Power down: Electrical waste or e-waste is the fastest growing domestic waste stream in the world – an estimated 50 million tonnes of tech is thrown away globally every year, yet every old phone, gadget and cable is full of useful resources, including precious metals. As shoppers, we can help reduce the demand to mine more materials by repairing, reusing and recycling items.
Fairphone is made using ethically mined precious metals, it’s a modular mobile phone which is easy to fix using a screwdriver, so it literally won’t cost the Earth.
Clear your closet: From the poisonous chromium metal salts that are added to speed up the tanning process for leather goods to the everlasting ‘forever chemicals’ used to make textiles waterproof, there are unwanted surprises in every wardrobe. While these added extras don’t make your clothing dangerous to wear, their production often results in chemicals leaching into the waterways during fabric production and poses a serious health hazard to factory workers and local residents. Forever chemicals won’t ever biodegrade – they persist in the soil, water, air and inside our bodies.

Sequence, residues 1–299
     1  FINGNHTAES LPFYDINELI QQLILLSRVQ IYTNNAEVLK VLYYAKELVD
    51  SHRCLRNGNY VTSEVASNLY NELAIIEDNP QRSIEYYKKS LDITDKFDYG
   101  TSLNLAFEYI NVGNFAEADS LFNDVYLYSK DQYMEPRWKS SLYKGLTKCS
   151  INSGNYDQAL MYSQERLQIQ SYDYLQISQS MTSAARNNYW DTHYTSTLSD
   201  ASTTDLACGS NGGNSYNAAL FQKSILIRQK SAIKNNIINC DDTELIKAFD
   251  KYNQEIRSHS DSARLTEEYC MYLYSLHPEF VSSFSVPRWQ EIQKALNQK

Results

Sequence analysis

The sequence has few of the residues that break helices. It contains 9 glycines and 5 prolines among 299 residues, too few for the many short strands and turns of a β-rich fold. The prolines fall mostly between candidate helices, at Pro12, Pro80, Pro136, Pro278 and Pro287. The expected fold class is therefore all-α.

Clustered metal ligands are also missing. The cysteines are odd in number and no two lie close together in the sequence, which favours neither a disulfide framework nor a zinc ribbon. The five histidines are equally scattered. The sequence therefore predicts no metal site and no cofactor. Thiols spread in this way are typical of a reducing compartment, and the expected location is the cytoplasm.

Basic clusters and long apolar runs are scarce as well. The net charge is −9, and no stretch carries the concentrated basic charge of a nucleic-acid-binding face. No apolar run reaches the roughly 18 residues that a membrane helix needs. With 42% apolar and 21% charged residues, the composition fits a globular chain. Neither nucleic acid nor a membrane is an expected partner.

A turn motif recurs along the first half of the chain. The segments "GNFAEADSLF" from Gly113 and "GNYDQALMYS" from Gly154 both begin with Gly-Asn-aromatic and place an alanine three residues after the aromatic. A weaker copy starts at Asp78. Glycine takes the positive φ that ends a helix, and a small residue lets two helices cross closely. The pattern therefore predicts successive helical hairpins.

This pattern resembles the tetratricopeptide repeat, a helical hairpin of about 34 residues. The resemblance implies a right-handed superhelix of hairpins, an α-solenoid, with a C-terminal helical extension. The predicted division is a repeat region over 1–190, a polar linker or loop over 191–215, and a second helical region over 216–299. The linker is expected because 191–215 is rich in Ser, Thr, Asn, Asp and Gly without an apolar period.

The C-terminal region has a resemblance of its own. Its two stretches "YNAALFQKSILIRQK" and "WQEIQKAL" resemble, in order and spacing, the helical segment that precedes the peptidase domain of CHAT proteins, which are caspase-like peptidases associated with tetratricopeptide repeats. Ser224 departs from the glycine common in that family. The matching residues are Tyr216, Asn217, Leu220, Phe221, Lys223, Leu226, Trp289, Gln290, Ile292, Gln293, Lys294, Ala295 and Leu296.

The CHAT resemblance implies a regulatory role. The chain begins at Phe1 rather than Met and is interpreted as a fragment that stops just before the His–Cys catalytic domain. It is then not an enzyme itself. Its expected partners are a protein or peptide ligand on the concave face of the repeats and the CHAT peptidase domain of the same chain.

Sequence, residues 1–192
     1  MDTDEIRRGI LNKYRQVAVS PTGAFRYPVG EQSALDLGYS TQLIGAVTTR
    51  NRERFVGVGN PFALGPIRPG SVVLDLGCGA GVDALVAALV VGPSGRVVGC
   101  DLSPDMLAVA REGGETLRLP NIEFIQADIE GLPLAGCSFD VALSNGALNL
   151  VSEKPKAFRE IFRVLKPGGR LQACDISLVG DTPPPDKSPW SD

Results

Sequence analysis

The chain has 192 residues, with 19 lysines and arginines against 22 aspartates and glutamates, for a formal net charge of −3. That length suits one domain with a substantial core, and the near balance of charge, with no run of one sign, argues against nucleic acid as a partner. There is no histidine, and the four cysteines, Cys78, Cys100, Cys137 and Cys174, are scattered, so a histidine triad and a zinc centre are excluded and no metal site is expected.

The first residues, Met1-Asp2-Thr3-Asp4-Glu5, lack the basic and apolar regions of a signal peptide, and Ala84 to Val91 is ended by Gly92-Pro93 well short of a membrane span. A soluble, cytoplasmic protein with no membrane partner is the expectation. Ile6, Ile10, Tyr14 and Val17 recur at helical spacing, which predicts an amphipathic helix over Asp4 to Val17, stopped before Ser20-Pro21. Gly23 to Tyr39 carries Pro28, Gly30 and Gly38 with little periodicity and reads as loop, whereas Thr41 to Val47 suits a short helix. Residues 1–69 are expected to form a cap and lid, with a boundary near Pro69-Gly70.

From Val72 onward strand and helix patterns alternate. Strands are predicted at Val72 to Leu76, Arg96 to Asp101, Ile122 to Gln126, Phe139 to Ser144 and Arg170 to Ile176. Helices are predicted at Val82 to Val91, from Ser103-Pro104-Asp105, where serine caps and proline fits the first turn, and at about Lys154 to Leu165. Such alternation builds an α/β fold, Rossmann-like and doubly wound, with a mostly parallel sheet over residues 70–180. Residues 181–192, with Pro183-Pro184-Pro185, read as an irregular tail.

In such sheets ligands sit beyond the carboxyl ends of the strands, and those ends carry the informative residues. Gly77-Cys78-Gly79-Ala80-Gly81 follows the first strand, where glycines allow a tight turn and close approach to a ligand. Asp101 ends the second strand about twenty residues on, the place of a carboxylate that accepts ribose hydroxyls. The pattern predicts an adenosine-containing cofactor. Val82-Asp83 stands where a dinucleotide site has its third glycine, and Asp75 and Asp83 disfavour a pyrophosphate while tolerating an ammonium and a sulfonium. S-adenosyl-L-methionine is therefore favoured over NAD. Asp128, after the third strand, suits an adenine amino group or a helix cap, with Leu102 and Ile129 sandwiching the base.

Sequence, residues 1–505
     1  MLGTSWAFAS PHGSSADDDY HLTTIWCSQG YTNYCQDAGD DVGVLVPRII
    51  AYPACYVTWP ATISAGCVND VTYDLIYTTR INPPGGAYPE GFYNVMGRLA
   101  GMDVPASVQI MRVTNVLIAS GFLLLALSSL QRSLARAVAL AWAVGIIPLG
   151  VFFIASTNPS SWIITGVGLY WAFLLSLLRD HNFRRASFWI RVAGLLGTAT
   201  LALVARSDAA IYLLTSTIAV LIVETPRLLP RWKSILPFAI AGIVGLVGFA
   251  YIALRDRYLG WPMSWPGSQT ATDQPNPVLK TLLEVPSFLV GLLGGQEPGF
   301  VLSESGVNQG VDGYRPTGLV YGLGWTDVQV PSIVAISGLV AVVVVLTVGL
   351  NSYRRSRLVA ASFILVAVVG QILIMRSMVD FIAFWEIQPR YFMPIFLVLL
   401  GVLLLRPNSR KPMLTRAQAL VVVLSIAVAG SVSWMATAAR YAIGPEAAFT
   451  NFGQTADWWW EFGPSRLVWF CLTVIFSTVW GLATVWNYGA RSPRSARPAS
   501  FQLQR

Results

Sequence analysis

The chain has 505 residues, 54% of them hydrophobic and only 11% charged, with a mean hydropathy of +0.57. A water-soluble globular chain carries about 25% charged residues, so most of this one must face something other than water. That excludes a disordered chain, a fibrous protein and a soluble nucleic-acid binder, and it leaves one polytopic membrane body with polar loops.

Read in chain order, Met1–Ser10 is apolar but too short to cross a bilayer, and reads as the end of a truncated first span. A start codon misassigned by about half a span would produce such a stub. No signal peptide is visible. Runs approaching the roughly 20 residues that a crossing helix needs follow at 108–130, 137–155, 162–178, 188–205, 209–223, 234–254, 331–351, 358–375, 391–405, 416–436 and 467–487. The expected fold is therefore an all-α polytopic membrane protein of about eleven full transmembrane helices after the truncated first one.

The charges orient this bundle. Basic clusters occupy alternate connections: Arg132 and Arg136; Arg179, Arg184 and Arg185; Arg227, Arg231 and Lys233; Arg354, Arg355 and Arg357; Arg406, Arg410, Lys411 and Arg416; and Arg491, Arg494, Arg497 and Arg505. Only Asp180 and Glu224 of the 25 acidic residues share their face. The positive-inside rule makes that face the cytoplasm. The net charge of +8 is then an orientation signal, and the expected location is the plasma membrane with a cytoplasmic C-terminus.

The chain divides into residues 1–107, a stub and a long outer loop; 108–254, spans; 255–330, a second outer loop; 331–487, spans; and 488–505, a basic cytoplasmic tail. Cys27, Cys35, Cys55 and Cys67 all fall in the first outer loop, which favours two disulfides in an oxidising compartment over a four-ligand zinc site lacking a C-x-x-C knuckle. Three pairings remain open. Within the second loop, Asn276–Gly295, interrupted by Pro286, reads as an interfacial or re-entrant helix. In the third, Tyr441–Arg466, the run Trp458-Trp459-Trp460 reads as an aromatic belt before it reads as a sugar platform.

Fast fashion is a major contributor to the climate crisis. Overall, the fashion industry is responsible for as much as 10 per cent of global emissions, according to the United Nations, more than aviation and shipping combined. So find joy in shopping for secondhand clothes, proudly wear outfits on repeat and get creative with sewing repairs to make garments last. Support ethical brands that have repair schemes, and if they don’t, request it because the more eco-conscious consumers voice their concerns, the greater scope there is for big change.
Breathe easy: While asleep, body heat increases the amount of chemicals that can be released from conventional mattresses including flame retardants such as benzene and formaldehyde. If your mattress is releasing harmful chemicals, you’re literally breathing in toxins for hours every night
Most mattresses tend to be made from polyurethane foam, polyester, adhesives and then treated with flame retardants and stain-resistant or antibacterial chemicals. Instead of buying a new one, invest in a decent topper made from 100 per cent natural materials, such as wool or latex, opt for bedding made from unbleached natural materials such as organic cotton, hemp or Tencel and if possible, leave the window ajar to ensure ventilation throughout the night.
Anna Turns is a UK-based environmental journalist and author of Go Toxic Free: Easy and Sustainable Ways to Reduce Chemical Pollution (Michael O’Mara)